I just wish Pursuit of the Pankera were about eight or ten chapters longer. When you get to the end you'll see what I mean. The family and estate had to make due with what they had that was Real Robert Anson Heinlein and that's what they did but I wish ol' Bob would have written a few more chapters before closing this book. Even so, if you read it carefully you'll see that it's not a cliffhanger and no character's fate was unaccounted for.
Please feel free to comment, I'd love to discuss this book with both lovers and haters thereof while it's still fresh in my mind.
recall it all that well, but I know I found it underwhelming, with
some good parts, and then a lot of bickering about "lifeboat rules"
and "white mutinies" followed by an ending that didn't really address
the threat that was the impetus to the plot.
For some reason, while he was writing TNOTB, Heinlein was also
writing _The Pursuit of the Pankera_, using the same characters and
starting point while taking the story in a different direction.
Perhaps he was making a point about the Many Worlds theory, alternate
history and characters who more than half suspect they are fictional.
Again, for some reason, he decided not to publish _The Pursuit of
the Pankera_ after TNOTB. In general I would say he should have
done the opposite and kept TNOTB in the trunk. TPOTP is a much
more fun book, not as bogged down in blind alleys as Beast, and
spends more time in interesting places.
I am struck, as well, by something I totally missed when reading
The Number Of The Beast back in the day. Despite all the invocations
of Doc Smith, I somehow did not see that at least the first third
of the book is a recapitulation of Smith's _The Skylark of Space_
(the first space opera): Two bantering couples, a brilliant scientist
and man of action, a deadly menace and a wonderful new conveyance
to unimagined worlds. To take it even a bit further, Smith was to
some extent lampooning Burroughs, with his naked, martial Martians,
so that the Skylark's first destination "Osnome" is modeled on (and
sounds like) "Barsoom". In Pankera Heinlein goes to the original
but even has the Earth party do the doubletalk grandiose introductions
to the natives that Smith pioneered.
The book opens at a campus party where Zebadiah John Carter, a man
with many escapades in his past who nonetheless enjoys playing the
campus dilettante, quickly meets Deja Thoris Burroughs, the young
woman who will be his bride, her brilliant mathematician father
Jake, who has been desperately trying to get in touch with him, and
somebody who is trying to kill them all, including the party's
hostess, Hilda Corners, who unknown to Carter (or to her) is his
Making a quick escape in Zeb's flying car (we are at some indefinite
point in the future), the foursome quickly tie the knots in whirlwind
courtships and go to ground to try and figure out what is going on.
What that is, is that apparently some nonhuman species has infested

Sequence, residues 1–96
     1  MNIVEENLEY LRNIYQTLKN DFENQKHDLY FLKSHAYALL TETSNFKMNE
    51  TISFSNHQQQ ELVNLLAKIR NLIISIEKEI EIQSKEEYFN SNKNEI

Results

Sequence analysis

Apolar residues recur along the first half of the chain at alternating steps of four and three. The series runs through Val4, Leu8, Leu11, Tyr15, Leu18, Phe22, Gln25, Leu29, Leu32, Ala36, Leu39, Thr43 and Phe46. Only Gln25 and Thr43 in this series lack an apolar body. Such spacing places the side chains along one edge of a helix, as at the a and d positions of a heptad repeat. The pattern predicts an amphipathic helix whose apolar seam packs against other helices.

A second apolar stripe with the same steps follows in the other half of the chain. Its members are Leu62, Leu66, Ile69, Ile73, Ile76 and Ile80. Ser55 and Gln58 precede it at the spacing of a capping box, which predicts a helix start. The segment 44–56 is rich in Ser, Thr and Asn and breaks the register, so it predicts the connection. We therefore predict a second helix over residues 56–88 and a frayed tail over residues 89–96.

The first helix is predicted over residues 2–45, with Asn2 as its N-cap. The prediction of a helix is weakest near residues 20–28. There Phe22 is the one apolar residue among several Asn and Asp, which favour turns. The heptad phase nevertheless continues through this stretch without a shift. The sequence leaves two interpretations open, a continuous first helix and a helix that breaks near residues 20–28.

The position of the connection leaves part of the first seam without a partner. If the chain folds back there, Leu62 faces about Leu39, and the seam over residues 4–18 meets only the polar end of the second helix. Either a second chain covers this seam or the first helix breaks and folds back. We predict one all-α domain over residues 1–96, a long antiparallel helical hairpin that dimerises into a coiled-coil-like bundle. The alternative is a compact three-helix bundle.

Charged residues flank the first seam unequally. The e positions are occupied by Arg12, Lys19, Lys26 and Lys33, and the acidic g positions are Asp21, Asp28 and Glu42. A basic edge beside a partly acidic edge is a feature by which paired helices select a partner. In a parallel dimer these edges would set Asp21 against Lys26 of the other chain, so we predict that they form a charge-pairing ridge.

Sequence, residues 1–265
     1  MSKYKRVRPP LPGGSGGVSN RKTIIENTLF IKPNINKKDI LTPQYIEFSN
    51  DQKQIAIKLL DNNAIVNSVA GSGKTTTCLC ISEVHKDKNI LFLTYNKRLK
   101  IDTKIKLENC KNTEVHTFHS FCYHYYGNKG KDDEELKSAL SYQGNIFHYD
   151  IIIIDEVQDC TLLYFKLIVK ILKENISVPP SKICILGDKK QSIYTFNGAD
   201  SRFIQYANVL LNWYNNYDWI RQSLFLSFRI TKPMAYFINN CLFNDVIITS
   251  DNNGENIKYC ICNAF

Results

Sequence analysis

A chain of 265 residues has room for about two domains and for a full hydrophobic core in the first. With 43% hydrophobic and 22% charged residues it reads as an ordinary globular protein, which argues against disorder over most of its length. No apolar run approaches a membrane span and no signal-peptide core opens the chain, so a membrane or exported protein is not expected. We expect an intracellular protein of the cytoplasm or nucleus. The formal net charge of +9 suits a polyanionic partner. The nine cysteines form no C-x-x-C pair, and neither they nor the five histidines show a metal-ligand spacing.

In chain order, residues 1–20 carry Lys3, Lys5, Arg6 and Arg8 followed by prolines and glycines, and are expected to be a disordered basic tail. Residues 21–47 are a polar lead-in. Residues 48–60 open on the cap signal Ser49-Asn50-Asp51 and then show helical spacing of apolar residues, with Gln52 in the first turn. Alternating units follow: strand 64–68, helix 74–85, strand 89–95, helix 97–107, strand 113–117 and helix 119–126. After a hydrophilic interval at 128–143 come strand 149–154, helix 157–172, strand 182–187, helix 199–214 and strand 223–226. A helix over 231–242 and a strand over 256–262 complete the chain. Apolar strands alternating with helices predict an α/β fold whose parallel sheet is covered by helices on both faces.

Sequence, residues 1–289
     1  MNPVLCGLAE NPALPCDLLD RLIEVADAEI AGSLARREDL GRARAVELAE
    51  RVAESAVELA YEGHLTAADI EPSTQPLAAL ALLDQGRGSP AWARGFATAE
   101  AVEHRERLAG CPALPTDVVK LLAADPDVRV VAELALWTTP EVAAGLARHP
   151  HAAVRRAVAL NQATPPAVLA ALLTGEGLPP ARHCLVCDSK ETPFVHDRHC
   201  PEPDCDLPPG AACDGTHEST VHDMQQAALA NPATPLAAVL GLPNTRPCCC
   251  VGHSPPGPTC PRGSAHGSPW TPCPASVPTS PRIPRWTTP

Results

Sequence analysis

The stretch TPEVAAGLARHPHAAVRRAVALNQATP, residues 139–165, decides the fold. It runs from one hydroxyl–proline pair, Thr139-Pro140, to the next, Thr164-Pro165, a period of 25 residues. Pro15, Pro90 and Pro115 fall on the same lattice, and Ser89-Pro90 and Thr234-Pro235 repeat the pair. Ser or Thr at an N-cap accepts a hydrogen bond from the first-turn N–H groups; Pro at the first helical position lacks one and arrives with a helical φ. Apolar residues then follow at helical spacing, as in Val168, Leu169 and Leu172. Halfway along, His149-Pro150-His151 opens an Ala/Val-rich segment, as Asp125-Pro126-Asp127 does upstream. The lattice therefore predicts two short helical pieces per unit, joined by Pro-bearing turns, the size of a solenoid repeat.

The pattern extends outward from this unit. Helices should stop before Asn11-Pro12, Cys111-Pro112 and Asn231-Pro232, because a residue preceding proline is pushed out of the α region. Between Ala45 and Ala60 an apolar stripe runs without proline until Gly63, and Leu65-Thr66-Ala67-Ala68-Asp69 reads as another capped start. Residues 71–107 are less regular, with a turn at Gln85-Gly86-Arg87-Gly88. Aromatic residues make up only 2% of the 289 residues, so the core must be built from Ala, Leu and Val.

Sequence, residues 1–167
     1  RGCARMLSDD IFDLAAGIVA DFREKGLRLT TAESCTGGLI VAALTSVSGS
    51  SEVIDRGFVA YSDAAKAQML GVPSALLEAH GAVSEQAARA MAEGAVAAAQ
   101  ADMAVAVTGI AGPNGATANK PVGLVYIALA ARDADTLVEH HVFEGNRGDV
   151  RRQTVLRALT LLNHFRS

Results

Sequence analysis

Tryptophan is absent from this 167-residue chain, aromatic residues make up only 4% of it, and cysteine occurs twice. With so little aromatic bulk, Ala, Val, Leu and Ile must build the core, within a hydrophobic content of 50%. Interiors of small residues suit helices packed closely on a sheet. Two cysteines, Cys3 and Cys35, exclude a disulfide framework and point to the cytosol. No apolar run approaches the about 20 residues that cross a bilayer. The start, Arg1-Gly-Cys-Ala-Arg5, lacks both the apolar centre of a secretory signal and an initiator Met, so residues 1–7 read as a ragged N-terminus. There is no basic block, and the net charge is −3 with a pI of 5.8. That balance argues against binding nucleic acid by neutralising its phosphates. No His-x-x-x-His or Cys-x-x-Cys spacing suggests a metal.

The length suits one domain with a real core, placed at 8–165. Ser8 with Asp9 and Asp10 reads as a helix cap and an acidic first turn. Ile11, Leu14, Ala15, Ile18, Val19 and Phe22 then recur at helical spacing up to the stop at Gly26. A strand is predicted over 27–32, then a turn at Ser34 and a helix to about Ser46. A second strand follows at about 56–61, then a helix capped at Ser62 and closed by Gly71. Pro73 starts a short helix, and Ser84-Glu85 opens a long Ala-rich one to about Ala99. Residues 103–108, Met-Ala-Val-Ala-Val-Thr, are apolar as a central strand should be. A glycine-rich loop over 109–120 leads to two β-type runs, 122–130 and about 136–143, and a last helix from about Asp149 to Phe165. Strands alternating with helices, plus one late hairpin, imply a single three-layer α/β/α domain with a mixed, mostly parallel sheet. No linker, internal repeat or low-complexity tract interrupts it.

the Earth and has it violently in for anybody with enough mathematical
talent to figure out where they came from, or how to escape. Jake
had, in fact, been seeking out Zeb under the assumption (for
complicated reasons) that he was also a brilliant mathematician.
He's not. But he *does* have the practical engineering skill to
adapt Seaton's (ah, I mean Burroughs's) discoveries into a
multiuniversal drive which will fit in _Gay Deceiver_, the
aforementioned flying car.
With that barely done, the foursome bugs out just in advance of a
nuclear strike on their bolt-hole and decides that Earth is no
longer safe. A few adjustments and misadventures behind them, they
find themselves at Mars in a parallel universe and decide to take
a rest stop.. To find themselves on Barsoom, hosted by Carthoris,
Thuvia and the original Dejah Thoris (the warlord, whom Zeb has put
out is his cousin is off on adventures). Of course trouble has a
way of following one (or four)...
Although Zeb is essentially the main character, the story is told
in alternating first person sections, narrated by each of Zeb,
Hilda, Deety & Jake. This works pretty well, though Deety has an
"I'm X, I am" tic that can be annoying, and each of the characters
This was a fun book, better, as I said, than "the original". My
main criticism would be that he still doesn't totally "stick" the
ending, though it is better than TNOTB. After a whole book of
pretty much "real time" adventures, we suddenly go into fast forward
mode where there are a bunch of kids we never get to know, and the
foursome go off on a genocidal tear (that is not a good look for
them), before getting it under control and deciding to actually
address the threat seriously. And we are just about to see that
happen (with a whole bunch of cast additions that we have our
suspicions about, but which said are never wholly addressed) when
the book ends. Granted we know that they are going to carry the
day, and all live through the battle, but it's a bit of an anti-climax,